For instance, if you were to run a Python script you would type python filename.py or if you wanted to run a C program make filename then ./ filename. How do you do this with .js files?

  • JS is no general-purpose language, so why would you want to do this? Include your .js file into an .htm(l) page via the <script> tag, then open the page in your browser. – helpermethod Dec 16 '11 at 10:44
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    @BLUC It's called an executable. – helpermethod Dec 16 '11 at 10:44
  • executable, application, program, or binary. And on a more helpful note, you'll need a JavaScript interpreter, like V8 or Rhino, or one of the other 1000 ones I'm forgetting. – Corbin Dec 16 '11 at 10:45
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    @OliverWeiler it's not as easily applicable in general situations as some other languages, but I do believe it can have it's applications outside of web pages :). – Corbin Dec 16 '11 at 10:46
  • @Oliver Since I'm new to JS it's just simpler for me to do it that way, but if that's not possible I'll do that. Thanks! – BLUC Dec 16 '11 at 10:46

13 Answers 13


You would need a JavaScript engine (such as Mozilla's Rhino) in order to evaluate the script - exactly as you do for Python, though the latter ships with the standard distribution.

If you have Rhino (or alternative) installed and on your path, then running JS can indeed be as simple as

> rhino filename.js

It's worth noting though that while JavaScript is simply a language in its own right, a lot of particular scripts assume that they'll be executing in a browser-like environment - and so try to access global variables such as location.href, and create output by appending DOM objects rather than calling print.

If you've got hold of a script which was written for a web page, you may need to wrap or modify it somewhat to allow it to accept arguments from stdin and write to stdout. (I believe Rhino has a mode to emulate standard browser global vars which helps a lot, though I can't find the docs for this now.)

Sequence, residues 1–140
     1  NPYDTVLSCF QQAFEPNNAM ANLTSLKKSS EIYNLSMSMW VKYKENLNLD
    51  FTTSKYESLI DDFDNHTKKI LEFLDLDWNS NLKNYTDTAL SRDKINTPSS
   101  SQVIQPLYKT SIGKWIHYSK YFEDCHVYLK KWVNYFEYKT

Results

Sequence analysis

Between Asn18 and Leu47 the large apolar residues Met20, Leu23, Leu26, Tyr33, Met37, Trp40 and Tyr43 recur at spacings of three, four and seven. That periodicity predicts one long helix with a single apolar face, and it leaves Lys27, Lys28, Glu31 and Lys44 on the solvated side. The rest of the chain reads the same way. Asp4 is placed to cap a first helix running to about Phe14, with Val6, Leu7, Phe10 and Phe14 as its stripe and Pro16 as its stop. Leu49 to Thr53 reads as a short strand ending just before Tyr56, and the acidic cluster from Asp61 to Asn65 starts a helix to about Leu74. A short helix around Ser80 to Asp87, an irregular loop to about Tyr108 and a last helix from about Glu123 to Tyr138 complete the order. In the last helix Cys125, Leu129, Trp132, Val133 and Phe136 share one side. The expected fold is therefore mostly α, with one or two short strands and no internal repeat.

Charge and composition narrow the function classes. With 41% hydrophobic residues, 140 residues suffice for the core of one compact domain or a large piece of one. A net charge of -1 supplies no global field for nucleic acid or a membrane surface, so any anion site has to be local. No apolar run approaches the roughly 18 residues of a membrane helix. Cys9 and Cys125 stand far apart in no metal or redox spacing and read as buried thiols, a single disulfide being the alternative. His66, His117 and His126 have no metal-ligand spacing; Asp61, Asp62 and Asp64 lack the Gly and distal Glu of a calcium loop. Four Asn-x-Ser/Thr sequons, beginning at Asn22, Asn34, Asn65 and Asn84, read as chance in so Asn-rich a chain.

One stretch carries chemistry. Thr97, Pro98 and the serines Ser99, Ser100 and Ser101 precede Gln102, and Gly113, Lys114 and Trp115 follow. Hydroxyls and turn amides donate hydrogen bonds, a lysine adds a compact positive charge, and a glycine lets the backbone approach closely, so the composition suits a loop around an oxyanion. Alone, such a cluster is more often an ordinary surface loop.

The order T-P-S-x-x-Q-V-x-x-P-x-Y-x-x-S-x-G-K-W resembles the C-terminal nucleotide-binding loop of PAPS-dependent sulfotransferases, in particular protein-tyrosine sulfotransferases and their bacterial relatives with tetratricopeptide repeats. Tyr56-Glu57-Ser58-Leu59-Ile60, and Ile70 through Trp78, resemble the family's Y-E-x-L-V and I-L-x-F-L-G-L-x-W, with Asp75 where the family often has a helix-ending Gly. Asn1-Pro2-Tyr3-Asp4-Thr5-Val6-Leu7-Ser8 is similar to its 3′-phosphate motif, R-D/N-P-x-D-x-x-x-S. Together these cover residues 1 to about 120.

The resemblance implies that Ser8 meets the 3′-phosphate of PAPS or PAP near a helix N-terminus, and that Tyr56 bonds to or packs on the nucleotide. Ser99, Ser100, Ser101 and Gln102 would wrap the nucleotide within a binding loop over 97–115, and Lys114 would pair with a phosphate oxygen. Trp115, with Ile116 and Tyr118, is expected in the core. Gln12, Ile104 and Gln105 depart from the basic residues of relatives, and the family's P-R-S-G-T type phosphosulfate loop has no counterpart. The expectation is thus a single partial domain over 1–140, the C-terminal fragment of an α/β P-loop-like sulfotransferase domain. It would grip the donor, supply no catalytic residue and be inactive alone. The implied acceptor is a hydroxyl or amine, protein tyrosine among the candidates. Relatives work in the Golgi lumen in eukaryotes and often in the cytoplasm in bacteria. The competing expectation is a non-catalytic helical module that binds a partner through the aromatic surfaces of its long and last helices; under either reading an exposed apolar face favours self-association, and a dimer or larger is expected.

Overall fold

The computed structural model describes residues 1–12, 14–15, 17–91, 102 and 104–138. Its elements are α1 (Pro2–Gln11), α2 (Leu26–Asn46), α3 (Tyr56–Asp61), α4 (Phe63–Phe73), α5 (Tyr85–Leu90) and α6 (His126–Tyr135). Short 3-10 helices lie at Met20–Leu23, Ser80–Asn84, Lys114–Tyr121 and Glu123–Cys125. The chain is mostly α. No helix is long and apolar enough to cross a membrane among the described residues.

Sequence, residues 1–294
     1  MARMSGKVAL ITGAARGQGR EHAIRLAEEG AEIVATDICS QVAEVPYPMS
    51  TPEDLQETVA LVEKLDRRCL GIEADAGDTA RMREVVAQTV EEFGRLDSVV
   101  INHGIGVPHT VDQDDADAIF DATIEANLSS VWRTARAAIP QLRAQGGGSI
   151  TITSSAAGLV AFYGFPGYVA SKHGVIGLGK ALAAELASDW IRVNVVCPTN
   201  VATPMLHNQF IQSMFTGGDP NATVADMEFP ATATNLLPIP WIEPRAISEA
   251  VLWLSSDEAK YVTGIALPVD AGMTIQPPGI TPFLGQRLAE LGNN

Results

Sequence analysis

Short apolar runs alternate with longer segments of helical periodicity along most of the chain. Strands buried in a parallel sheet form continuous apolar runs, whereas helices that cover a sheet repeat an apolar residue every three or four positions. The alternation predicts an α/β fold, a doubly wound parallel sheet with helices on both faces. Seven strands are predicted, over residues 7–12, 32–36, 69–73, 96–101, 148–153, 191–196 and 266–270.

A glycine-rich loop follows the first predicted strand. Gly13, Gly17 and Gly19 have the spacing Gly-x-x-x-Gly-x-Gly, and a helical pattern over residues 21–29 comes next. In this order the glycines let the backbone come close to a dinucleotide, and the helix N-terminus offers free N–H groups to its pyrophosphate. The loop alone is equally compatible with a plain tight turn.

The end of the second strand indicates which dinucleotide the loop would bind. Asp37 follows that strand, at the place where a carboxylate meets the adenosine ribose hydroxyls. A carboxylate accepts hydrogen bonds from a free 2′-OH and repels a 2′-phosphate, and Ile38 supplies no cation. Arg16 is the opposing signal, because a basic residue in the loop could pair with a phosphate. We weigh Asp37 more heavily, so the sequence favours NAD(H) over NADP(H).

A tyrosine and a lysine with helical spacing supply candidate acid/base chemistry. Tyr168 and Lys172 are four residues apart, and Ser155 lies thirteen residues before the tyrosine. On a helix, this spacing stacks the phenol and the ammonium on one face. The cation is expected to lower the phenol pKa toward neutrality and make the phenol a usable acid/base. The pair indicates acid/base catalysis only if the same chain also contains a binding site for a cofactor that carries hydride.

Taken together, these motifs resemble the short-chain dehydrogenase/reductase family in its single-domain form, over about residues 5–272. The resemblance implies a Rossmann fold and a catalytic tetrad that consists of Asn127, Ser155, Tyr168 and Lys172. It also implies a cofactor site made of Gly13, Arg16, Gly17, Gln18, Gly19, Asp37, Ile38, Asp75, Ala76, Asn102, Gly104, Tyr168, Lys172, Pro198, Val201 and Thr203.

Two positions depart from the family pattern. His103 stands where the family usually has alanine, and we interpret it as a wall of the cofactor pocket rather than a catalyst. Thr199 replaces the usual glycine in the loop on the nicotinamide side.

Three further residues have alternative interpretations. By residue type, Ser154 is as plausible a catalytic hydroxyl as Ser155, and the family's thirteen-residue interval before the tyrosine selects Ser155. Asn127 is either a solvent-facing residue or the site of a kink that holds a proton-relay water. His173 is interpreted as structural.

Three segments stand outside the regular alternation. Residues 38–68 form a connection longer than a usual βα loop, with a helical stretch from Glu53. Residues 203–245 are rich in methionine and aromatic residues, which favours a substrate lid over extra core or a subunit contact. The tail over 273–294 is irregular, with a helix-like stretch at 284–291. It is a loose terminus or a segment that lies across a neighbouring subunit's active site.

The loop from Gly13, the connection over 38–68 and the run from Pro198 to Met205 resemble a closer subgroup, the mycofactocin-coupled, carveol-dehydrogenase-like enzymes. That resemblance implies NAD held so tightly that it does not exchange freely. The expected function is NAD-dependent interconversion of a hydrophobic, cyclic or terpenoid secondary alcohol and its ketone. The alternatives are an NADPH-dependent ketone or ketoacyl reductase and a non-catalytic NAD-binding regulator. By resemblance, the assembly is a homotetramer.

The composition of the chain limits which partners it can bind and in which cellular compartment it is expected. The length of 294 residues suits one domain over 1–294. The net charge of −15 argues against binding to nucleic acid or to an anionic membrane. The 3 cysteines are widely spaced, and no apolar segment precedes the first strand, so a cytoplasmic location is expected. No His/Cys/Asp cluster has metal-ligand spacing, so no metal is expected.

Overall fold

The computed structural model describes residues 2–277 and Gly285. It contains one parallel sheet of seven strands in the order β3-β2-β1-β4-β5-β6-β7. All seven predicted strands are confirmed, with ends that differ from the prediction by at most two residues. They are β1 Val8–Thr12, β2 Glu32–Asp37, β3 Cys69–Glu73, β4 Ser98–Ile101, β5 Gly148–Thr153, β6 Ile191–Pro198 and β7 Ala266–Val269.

Another answer would be the NodeJS!

Node.js is a platform built on Chrome's JavaScript runtime for easily building fast, scalable network applications. Node.js uses an event-driven, non-blocking I/O model that makes it lightweight and efficient, perfect for data-intensive real-time applications that run across distributed devices.

Using terminal you will be able to start it using node command.

$ node
> 2 + 4

Note: If you want to exit just type


You can also run a JavaScript file like this:

node file.js

« Install it NOW »

  • @NadirSampaoli Yes, it's a new technology that it's really great! – Ionică Bizău Jul 15 '13 at 16:16
  • The only downside (if you want to call it that) is that node is always on "strict mode". Is it correct? – Nadir Sampaoli Jul 15 '13 at 16:38
  • @NadirSampaoli Hmmm, I am not sure. See this question: stackoverflow.com/q/9031888/1420197 – Ionică Bizău Jul 15 '13 at 17:27
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    @NadirSampaoli I doubt that it counts as a "downside". Strict mode is better for everyone. – The Paramagnetic Croissant Jul 2 '14 at 10:05
  • Any advice on wrapping a javascript into final ‘consumer ’command, the user doesn't have to care about? As in $> sudo apt-get install myFancyCmd followed by $>myFancyCmd hello.jpg -w 1234? – Frank Nocke Oct 25 '16 at 2:54

If you have a Mac you can get jsc a javascript console in OS X (Terminal) by typing


in Terminal.app.

You could also run one of your .js script by adding its name as an argument for jsc, like this:

jsc your_awesome_script_name.js

Notice: I use console.log() during development but jsc needs the debug() function instead.

On Ubuntu you have some nice ECMAScript shells at your disposal. Between them it's worth to mention SpiderMonkey. You can add It by sudo apt-get install spidermonkey

On Windows as other people said you can rely on cscript and wscript directly built on the OS.

I would add also another :) way of thinking to the problem, if you have time and like to learn new things i'd like to mention coffee-script that has its own compiler/console and gives you super-correct Javascript out. You can try it also on your browser (link "try coffeescript").